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In 1874 Ulysses S. Grant was serving his second presidential term, federal Reconstruction efforts were attempting to heal the festering wounds of the Civil War, public school education was well underway, modern science was making inroads against Christian fundamentalism, and the Sunday school movement was gaining steam in churches across the land. Two gentlemen, Lewis Miller (whose daughter Mina married Thomas Edison) and John Vincent (a Methodist bishop), hoping to create an enlightened Christianity, launched a movement on the shores of Lake Chautauqua in western New York to train Sunday school teachers in religion, science, art, and music.
The Chautauqua movement grew rapidly, spreading across the nation, including circuit or tent Chautauquas, one of which visited my hometown of Danville, Indiana, each summer in the late 1800s and early 1900s, attracting twice our town’s population the week it was held. This was half a century before I was born, so I had never heard of the Chautauqua Movement until 2003, when Bay View Chautauqua near Petoskey, Michigan, invited me to speak at their annual sessions, wildly overestimating not only my speaking ability but my drawing power. Nevertheless, it was an enjoyable week, they invited me to return, and I’ve since spoken at half a dozen Chautauquas around the nation, including that charming village on the shores of Lake Chautauqua where it all began some 145 years ago.
At its peak, in the mid-1920s, over 10,000 Chautauqua programs attracted 45 million people when America’s population was 116 million.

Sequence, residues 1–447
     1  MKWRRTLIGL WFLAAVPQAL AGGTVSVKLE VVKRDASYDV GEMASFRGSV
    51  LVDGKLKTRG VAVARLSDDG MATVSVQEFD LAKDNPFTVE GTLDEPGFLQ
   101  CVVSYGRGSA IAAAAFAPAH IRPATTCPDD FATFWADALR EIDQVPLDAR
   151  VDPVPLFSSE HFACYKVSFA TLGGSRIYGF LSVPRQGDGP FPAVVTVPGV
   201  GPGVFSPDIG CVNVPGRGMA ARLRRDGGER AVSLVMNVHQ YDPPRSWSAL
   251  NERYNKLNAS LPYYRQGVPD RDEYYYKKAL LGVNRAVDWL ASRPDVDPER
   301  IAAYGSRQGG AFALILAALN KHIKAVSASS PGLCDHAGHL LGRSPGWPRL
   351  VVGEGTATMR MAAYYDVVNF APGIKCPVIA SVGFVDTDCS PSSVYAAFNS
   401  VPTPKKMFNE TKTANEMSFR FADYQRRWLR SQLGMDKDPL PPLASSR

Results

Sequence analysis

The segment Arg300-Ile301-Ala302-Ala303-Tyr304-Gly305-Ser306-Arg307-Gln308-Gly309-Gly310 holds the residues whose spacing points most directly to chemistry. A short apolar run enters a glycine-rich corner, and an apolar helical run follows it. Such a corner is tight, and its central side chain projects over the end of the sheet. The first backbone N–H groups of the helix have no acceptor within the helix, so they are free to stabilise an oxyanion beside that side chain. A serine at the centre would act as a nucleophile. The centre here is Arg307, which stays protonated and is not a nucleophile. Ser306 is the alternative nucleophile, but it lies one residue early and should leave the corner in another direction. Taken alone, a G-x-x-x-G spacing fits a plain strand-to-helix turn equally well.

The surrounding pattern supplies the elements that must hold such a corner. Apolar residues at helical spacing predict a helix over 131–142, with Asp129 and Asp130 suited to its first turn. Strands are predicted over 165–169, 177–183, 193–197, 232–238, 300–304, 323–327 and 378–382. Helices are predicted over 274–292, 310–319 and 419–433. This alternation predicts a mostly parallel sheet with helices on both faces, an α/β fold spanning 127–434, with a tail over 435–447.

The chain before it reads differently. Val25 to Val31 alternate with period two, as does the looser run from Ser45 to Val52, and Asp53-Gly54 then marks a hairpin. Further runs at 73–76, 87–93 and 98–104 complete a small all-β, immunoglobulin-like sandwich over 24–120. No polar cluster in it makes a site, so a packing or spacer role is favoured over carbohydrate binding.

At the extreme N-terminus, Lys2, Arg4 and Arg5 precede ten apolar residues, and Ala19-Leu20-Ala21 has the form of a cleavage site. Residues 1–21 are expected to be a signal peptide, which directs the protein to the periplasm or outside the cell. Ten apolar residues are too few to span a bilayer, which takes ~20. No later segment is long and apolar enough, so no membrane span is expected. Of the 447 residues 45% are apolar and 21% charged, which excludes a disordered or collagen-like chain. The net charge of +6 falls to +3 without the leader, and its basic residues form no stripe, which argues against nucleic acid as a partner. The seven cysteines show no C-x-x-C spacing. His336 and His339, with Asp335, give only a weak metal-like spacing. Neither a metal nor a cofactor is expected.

Alas, the Sunday school movement that inspired the Chautauqua movement is on life support, driven to its deathbed by declining church attendance, youth sports on Sunday morning, and the near impossibility of finding someone whose idea of a good time is arranging ark animals on a flannelgraph board. Nevertheless, the Chautauqua lives on, despite brushes with death during the Great Depression, World War II, and the 1960s, when cottages that now sell for $600,000 could be had for $5,000. They didn’t start with cottages, but with tents, then cement pads when people grew weary of camping in mud. Winding streets, sidewalks, and cottages soon followed, and now most Chautauquas feel like a Jimmy Stewart movie set from the 1940s — big, broad porches with rocking chairs, flower pots, and porch swings.
Chautauqua’s greatest challenge today is attracting people who aren’t white and well-off, a problem many American institutions face in this age of demographic changes and our heightened awareness of structural racism. The preacher of the week when I lectured was the Reverend Doctor Otis Moss III, the black senior pastor of Chicago’s Trinity United Church of Christ, doubtless one of the finest preachers in America, who could, I do believe, persuade the devil to convert. His sermons were received each morning with standing ovations from Episcopalians, Methodists, agnostics, and Jews.